Friday, April 05, 2013

What it Does (SET TRANSACTION READ ONLY - Part 4)

This was tested on Oracle 11.2. So far, I have not explained what SET TRANSACTION READ ONLY does. To illustrate this, I first need to show what happens normally, i.e. when you are not in a READ ONLY transaction. I created a table and added a row to it in session 1 below:
 
SQL> create table tab1 (col1 number);
 
Table created.
 
SQL> insert into tab1 values (1);
 
1 row created.
 
SQL> commit
  2  /
 
Commit complete.
 
SQL> select * from tab1;
 
      COL1
----------
         1
 
SQL>
 
Then I went to session 2, updated COL1 to 2 and did a COMMIT:
 
SQL> select * from tab1;
 
      COL1
----------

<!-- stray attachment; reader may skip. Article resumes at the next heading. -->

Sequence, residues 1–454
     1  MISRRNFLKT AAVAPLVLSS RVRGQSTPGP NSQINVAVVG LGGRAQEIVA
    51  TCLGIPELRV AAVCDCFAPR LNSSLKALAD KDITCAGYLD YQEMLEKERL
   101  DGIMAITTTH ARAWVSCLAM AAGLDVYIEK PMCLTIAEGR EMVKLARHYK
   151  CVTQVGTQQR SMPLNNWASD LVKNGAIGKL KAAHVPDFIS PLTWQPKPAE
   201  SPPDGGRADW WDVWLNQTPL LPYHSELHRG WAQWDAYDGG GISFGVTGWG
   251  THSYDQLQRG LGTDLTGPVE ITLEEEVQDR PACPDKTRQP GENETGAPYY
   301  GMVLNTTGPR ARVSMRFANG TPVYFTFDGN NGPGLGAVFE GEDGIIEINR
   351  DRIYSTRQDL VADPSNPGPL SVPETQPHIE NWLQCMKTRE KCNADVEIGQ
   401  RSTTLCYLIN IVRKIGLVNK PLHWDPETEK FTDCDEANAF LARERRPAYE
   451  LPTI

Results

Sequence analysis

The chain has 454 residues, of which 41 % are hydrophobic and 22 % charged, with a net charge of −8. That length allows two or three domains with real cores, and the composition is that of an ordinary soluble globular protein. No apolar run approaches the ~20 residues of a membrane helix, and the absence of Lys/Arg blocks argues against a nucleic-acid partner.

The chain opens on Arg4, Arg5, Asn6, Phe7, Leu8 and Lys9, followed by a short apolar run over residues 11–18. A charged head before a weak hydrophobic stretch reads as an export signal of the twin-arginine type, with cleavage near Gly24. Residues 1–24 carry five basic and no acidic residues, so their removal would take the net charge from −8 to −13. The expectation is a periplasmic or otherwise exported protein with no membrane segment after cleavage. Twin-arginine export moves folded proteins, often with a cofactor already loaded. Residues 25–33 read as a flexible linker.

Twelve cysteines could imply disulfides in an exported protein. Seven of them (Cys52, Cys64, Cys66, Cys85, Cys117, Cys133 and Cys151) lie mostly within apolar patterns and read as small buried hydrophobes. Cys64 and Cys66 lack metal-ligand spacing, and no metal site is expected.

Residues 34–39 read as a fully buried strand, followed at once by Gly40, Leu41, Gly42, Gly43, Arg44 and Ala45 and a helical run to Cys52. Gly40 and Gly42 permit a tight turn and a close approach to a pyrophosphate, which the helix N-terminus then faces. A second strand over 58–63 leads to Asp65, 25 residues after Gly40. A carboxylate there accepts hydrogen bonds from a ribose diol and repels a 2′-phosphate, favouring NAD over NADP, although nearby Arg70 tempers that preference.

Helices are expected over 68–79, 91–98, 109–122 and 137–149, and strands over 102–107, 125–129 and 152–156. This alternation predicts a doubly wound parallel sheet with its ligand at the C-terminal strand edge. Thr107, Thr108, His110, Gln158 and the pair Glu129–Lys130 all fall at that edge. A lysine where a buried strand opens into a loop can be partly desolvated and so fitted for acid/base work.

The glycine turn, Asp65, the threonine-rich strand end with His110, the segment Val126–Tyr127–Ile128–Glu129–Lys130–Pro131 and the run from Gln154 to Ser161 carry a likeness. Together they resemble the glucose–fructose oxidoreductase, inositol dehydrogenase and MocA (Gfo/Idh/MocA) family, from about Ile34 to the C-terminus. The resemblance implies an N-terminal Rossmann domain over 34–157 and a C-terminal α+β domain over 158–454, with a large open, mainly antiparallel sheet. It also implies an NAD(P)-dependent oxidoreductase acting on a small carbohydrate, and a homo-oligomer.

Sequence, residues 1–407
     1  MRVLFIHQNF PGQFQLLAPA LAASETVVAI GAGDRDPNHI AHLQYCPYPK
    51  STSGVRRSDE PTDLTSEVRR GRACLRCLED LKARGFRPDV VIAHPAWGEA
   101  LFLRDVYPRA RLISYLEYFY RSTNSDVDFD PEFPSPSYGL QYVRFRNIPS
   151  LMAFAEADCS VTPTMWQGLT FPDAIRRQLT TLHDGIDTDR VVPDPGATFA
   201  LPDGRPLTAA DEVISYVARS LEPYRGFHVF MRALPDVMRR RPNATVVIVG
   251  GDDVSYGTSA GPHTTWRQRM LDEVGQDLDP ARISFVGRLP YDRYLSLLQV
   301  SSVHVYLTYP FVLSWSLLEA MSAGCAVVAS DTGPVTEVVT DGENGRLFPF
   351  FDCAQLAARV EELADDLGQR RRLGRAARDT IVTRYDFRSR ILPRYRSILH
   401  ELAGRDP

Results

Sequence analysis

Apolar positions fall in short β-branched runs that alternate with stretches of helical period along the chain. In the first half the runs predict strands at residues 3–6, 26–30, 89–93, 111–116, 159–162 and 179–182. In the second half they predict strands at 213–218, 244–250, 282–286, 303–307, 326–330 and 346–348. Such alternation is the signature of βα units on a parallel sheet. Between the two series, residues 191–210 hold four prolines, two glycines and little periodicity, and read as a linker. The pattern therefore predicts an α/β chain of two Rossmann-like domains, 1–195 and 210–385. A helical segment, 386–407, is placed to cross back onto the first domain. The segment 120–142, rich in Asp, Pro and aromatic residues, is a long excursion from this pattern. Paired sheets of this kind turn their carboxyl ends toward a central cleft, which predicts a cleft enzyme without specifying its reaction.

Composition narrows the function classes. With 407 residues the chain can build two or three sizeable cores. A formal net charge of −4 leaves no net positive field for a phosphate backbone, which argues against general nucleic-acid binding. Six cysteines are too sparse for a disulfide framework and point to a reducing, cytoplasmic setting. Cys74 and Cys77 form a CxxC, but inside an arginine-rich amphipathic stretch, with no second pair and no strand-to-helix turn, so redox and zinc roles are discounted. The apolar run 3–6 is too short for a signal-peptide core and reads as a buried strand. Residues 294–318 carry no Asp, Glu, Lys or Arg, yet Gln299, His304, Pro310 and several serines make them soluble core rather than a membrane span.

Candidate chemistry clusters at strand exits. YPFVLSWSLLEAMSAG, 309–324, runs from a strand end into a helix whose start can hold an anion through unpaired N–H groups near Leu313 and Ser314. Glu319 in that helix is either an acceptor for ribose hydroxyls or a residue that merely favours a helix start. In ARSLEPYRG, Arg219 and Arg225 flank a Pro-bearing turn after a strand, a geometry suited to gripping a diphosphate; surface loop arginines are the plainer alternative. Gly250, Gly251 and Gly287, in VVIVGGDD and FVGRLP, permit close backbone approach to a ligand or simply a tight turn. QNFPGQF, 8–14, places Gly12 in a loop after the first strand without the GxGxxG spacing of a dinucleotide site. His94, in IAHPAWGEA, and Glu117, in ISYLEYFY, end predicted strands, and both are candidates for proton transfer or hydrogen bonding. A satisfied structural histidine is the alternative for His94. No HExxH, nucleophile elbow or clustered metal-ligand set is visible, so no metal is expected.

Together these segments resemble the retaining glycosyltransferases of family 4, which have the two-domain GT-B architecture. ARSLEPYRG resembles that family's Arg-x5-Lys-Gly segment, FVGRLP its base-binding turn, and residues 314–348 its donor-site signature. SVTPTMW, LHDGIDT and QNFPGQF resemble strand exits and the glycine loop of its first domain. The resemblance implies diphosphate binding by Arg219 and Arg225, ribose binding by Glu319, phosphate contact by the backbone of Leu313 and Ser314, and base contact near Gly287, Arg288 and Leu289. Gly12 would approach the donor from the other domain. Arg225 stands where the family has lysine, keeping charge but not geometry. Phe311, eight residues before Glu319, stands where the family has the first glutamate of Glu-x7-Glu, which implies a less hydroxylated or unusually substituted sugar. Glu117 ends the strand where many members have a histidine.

1
 
SQL> update tab1 set col1 = 2;
 
1 row updated.
 
SQL> commit;
 
Commit complete.
 
SQL> select * from tab1;
 
      COL1
----------
         2
 
SQL>
 
I returned to session 1 and was able to see the new value of COL1:
 
SQL> select * from tab1;
 
      COL1
----------
         2
 
SQL>
 
If you are in a READ ONLY transaction, SELECT statements return data as it was when you ran the SET TRANSACTION statement. I tested this as follows. First I started a READ ONLY transaction and queried TAB1 in session 1:
 
SQL> set transaction read only;
 
Transaction set.
 
SQL> select * from tab1;
 
      COL1
----------
         2
 
SQL>
 
Then in session 2, I changed COL1 to 3:
 
SQL> update tab1 set col1 = 3;
 
1 row updated.
 
SQL> commit;
 
Commit complete.
 
SQL> select * from tab1;
 
      COL1
----------
         3
 
SQL>
 
I returned to session 1 and queried TAB1 there. COL1 was still set to 2:
 
SQL> select * from tab1;
 
      COL1
----------
         2
 
SQL>

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